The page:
Bad sports, continued:

2) Bad calls happen all the time, but it is newsworthy when a bad call (or no-call) not only changes the outcome of a game, but actually changes which teams make the playoffs and which do not. This happened on Sunday at the end of the San Diego Chargers game against the Kansas City Chiefs. With four seconds left in regulation, Chiefs kicker Ryan Succop attempted a 41-yard field goal which would have won the game for his team. San Diego lined up in an illegal formation that was not called by the officials. Succop missed the kick, and the game went to overtime, where the Chargers ultimately won. Had the penalty been called, the kicker would have had another shot, this time from 36 yards away. It seems unlikely that he would have missed again. A Chiefs win would have sent the Pittsburgh Steelers to the playoffs rather than San Diego.

3) This was a weird one. The agent for Oakland Raiders quarterback Terrelle Pryor reacted to the announcement that his client would start the final game of the season by claiming that head coach Dennis Allen was doing it so that Pryor could fail and he could get rid of him. Pryor had been benched in favor of undrafted rookie Matt McGloin seven games ago and he had not started since. The whole thing is just so bizarre. If Allen wanted to get rid of Pryor, he could do so without needing to send him out to start the final game. After all, Pryor had been pretty bad the first time around, which is why he lost his starting job.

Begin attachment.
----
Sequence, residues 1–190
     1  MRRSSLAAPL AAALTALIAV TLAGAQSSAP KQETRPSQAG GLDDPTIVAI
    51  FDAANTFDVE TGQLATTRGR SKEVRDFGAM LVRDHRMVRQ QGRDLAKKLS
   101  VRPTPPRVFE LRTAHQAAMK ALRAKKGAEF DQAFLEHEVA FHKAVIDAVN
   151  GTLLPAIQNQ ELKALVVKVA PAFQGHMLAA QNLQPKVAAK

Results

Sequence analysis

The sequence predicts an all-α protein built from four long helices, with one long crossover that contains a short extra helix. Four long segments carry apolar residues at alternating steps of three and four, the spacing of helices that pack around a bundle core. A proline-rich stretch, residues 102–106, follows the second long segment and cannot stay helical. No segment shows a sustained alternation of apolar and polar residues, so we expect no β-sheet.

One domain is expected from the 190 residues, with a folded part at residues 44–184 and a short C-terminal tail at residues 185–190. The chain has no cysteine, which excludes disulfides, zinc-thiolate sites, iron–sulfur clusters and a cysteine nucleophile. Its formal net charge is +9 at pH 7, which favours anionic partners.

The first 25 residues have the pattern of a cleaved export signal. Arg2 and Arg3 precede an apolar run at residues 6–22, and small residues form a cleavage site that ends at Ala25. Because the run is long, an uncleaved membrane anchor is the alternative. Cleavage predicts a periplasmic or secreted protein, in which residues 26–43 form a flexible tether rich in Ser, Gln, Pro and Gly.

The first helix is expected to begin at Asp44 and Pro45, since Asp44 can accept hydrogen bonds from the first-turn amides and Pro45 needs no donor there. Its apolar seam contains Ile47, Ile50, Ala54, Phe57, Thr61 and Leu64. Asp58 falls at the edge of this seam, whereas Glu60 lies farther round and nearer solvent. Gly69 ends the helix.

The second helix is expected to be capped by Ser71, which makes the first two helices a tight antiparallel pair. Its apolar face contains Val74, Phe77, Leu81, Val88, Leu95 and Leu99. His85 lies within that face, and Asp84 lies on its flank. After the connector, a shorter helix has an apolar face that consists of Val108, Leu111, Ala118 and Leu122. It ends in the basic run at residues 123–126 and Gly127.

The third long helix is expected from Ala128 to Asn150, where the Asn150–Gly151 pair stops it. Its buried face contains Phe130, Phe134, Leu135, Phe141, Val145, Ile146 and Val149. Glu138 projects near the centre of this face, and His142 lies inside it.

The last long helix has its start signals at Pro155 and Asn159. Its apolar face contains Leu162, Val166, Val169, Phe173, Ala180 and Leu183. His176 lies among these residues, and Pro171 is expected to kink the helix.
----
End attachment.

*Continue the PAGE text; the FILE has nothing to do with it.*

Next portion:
4) South Carolina defensive end Jadeveon Clowney got his second speeding ticket in recent days on Thursday. He then tweeted out a picture of himself posing with the policemen who gave him the ticket.

5) Not to be outdone by Clowney, Los Angeles Dodgers phenom Yasiel Puig received his second reckless driving charge this year after being stopped for going 110 miles per hour near Naples, Florida.

6) Andrew Bynum’s return to the NBA looks like it will endure yet another lengthy detour. After sitting out all of last season with a supposed knee injury while with Philadelphia, he has now been suspended by the Cleveland Cavaliers for “conduct detrimental to the team.” This is not a good guy.

7) One of the greatest race car drivers of all time, Michael Schumacher, is in critical condition in France after a skiing accident left him needing brain surgery. His prognosis is not yet known.

Good sports:

1) Chandler Parsons, a forward for the Houston Rockets, shaved his head this week to show support for a 10-year-old friend of his who is battling cancer.

Bad sports, good sports appears every Monday

Alan Spoll is a software quality assurance director from the suburbs of Philadelphia where he lives with his wonderful wife and children. He has spent his entire life as a passionate fan of the Eagles, Phillies, Sixers, Flyers, and Penn State. Recent Phillies success aside, you will understand his natural negativity. Follow me on Twitter - @DocAlan02
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One Response to “Bad sports, good sports: Browns fire their coach after one season”

  1. Alan, I totally agree with Bad Sports #2 … though in my case, it’s as a disappointed citizen of the Steeler Nation.

    :-(